Survey suggests Canadian hearts hardening towards immigrants

OTTAWA — Canadian hearts are hardening slightly towards the country’s immigrants, particularly when it comes to their impact on the economy, an internal government survey suggests.

OTTAWA — Canadian hearts are hardening slightly towards the country’s immigrants, particularly when it comes to their impact on the economy, an internal government survey suggests.

The latest results of the Citizenship and Immigration tracking survey — conducted every year since 1996 to gauge public opinion on immigration — suggest that national attitudes towards both the number and the value of Canadian immigrants are shifting.

The 2012 survey, obtained under access to information laws, found the number of Canadian respondents who said they felt immigration was having a positive effect on the economy was 56 per cent — a decline of 10 percentage points from the 2010 survey.

The number of respondents who said they believe immigration has a positive impact on Canadian culture came in at 40 per cent, a decline of between 16 to 18 per cent from 2010 levels.

“Findings from the 2012 tracking study suggest that attitudes towards immigration levels and the impact of immigration are somewhat tightening up,” says an analysis of the results done by the department.

The survey itself was carried out in two separate sessions in February by a company called Corporate Research Associates.

The first session involved 1,500 respondents and carried a margin of error of plus or minus 2.5 percentage points, 19 times out of 20. The second session, with 1,200 people, is considered accurate to within plus or minus 2.8 percentage points, 19 times out of 20.

On Wednesday, Immigration Minister Jason Kenney is set to release targets for the number of immigrants Canada will accept next year. Kenney said he takes the results of the government’s internal tracking polls seriously.

“I keep a very close eye on public opinion with respect to immigration,” Kenney said in an interview. “We want to avoid the disconnect between popular opinion and policy on immigration that we’ve seen in Western Europe.”

Support for current immigration levels has hovered around 50 per cent since 2004, the survey suggests. When respondents weren’t aware of the actual number of immigrants being allowed into the country, they felt the levels were about right.

Once informed of the government’s target figures, however, opinions changed.

“When informed of the actual number of immigrants to Canada, between nine per cent and 14 per cent of Canadians shift from the ’right amount’ to ’too many,”’ the survey found.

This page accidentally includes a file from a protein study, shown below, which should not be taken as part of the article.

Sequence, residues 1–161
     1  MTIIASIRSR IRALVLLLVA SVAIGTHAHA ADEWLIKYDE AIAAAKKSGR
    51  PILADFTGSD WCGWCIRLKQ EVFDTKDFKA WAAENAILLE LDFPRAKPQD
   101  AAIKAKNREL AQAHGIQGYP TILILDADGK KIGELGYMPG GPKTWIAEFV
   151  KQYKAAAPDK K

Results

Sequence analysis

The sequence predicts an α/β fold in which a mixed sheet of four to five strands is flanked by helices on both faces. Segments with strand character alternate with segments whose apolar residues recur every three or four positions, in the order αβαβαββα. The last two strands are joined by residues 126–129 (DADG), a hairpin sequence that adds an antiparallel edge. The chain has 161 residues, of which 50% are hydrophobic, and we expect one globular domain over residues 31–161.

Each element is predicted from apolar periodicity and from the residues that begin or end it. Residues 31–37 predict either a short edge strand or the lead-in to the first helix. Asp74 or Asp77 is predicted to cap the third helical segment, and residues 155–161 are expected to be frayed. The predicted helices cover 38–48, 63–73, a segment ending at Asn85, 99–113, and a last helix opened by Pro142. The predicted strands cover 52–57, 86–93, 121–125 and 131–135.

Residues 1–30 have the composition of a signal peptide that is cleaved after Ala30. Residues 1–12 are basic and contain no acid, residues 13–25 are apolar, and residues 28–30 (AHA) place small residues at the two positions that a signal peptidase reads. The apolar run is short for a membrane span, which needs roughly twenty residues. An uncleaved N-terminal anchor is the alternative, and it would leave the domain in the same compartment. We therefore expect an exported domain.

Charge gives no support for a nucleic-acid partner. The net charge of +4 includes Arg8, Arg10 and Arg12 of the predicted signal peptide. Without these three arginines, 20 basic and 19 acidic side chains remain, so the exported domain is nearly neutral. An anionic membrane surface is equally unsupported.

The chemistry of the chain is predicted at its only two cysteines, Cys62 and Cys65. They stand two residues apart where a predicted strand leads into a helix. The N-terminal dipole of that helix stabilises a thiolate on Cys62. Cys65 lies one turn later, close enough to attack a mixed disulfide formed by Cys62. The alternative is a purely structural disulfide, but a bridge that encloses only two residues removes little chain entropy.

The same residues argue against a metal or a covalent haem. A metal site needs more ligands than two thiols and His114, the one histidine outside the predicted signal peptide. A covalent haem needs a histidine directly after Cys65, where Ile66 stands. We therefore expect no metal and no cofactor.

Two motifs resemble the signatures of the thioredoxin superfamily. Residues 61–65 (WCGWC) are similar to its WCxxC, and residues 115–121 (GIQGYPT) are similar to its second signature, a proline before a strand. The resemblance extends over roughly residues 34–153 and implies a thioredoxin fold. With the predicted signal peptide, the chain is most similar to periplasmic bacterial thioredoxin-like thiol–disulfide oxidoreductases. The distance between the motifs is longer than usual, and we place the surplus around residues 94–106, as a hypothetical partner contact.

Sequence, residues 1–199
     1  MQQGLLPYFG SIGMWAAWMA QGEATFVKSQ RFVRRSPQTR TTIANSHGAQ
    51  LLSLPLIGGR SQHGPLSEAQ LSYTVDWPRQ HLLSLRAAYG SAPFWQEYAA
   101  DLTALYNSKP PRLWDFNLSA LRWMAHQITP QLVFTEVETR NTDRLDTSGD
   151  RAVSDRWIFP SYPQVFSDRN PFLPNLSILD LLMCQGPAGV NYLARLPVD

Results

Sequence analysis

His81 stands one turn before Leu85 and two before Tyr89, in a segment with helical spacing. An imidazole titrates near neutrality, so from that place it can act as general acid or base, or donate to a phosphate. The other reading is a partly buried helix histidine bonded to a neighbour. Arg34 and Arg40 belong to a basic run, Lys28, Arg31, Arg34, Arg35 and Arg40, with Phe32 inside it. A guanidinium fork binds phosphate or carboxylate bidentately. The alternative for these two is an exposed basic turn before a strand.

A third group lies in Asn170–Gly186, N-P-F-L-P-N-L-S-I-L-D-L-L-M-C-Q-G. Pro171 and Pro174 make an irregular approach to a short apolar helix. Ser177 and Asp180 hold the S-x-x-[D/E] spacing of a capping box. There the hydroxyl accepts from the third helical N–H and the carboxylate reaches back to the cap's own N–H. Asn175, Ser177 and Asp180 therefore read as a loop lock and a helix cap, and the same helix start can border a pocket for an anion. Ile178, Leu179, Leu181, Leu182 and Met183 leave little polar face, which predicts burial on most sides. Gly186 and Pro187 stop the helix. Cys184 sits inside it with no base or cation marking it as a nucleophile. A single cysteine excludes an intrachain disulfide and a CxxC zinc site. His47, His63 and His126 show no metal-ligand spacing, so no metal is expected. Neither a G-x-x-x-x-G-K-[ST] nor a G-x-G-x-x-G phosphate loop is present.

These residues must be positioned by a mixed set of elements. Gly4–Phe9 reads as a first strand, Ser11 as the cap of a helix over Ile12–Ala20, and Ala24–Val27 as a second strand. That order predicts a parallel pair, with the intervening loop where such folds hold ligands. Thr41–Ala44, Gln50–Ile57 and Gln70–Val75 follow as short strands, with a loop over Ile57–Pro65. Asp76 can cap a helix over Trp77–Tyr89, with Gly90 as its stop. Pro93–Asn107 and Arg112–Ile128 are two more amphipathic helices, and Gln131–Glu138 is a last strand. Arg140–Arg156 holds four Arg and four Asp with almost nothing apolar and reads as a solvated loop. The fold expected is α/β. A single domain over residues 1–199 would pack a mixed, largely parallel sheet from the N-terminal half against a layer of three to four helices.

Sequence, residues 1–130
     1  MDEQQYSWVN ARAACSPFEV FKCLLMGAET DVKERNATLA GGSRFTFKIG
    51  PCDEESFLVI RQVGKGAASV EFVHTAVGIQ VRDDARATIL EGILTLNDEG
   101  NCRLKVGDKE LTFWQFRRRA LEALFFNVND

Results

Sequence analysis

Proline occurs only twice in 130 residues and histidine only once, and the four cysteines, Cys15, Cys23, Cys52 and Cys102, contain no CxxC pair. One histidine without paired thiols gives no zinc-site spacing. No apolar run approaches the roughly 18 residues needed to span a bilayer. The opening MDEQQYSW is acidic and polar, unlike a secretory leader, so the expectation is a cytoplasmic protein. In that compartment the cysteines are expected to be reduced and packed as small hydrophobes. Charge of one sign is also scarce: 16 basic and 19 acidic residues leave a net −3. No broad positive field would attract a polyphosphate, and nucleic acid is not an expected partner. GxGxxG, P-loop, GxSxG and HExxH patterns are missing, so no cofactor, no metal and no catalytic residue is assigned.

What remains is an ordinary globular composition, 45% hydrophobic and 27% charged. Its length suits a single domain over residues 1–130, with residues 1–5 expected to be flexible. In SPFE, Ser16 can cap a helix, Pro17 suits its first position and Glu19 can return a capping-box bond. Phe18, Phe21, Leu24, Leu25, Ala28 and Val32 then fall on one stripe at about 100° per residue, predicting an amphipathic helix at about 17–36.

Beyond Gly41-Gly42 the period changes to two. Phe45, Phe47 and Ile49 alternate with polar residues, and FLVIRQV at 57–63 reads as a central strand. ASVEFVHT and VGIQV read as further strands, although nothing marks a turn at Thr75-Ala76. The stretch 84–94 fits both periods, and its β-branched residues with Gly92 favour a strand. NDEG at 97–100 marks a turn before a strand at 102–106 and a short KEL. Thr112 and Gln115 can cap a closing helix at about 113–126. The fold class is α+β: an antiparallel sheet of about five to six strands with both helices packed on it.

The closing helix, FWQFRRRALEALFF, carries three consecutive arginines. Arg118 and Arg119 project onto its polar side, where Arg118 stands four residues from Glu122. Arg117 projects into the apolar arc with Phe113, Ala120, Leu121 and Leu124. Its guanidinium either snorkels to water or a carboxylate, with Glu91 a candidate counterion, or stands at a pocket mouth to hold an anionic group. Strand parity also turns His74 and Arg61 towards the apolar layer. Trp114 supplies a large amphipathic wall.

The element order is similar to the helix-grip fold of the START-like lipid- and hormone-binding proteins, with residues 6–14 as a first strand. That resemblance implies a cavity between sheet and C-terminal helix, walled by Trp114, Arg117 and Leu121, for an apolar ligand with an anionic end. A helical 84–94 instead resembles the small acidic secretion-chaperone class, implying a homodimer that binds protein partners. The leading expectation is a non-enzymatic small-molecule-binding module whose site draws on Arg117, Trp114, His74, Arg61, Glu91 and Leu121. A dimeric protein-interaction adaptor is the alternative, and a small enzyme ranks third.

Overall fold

Canada’s annual target number for new immigrants has been set at 250,000 for the last few years and is unlikely to change much, despite pressure from labour groups.

During public consultations on immigration levels, for instance, the St. John’s Board of Trade begged for more people to be let in.

“The federal government must act on this most grave challenge to economic growth and prosperity,” the board’s submission said.

“We would encourage government to place employer needs at the centre of decision making about immigration policy and levels. Labour shortages in Newfoundland and Labrador are unique, acute and immediate.”

A recent analysis by TD Bank suggested that just to offset the impact of an aging population, Canada’s annual immigration numbers need to rise to at least 350,000 after 2016.

But there are other issues at play, the bank said.

“The more pressing concern is the poor economic outcomes of newcomers to Canada,” the analysis said.

“Much effort has been made by the federal and provincial governments to improve this situation and until these reforms bear fruit, it is likely counterproductive to raise the current 250,000 target.”

It’s the economic outcomes that partially drive public opinion about the value of immigration to the economy, Kenney said.

“The rate of unemployment and underemployment amongst immigrants is too high,” he said.

“We’re bringing a lot of newcomers here only to face unemployment or underemployment in an economy with skills shortages which doesn’t make much sense.”

Since 2008, the Conservatives have carried out major reforms to immigration policy, eradicating backlogs, overhauling the federal skilled worker program and changing the refugee system, among others.

This has been accompanied by a public campaign against those the government feels are abusing the system via human smuggling, crooked consultants or marriage fraud.

Kenney said it’s about gradually repairing a broken system.

“Our efforts to reinforce the integrity of the immigration system will, in the long run, increase public support for legal immigration and well-managed refugee protection,” Kenney said.

But critics have said the consequences of that campaign are a backlash against immigration.

“Canada’s ability to successfully maintain and increase immigration levels depends in part on the level of public support. The federal government, in turn, plays an important leadership role in ensuring that Canadians support the immigration and refugee resettlement programs,” said a submission by Canadian Council on Refugees to the consultations on immigration levels.

“The government must promote positive newcomer contributions and avoid discourse that feeds misconceptions and prejudice against immigrants and refugees.”

The survey analysis suggested the government needs to continue marketing efforts.

“Communications on immigration should continue to accentuate the positive impact of immigration on the economy and Canada’s labour market needs vis-a-vis the need for skilled immigrants,” it said.

“…Notwithstanding the fact that perceptions expressed in this survey may not be based on concrete knowledge or experience, they will continue to drive public acceptance of immigrants and immigration policy.”

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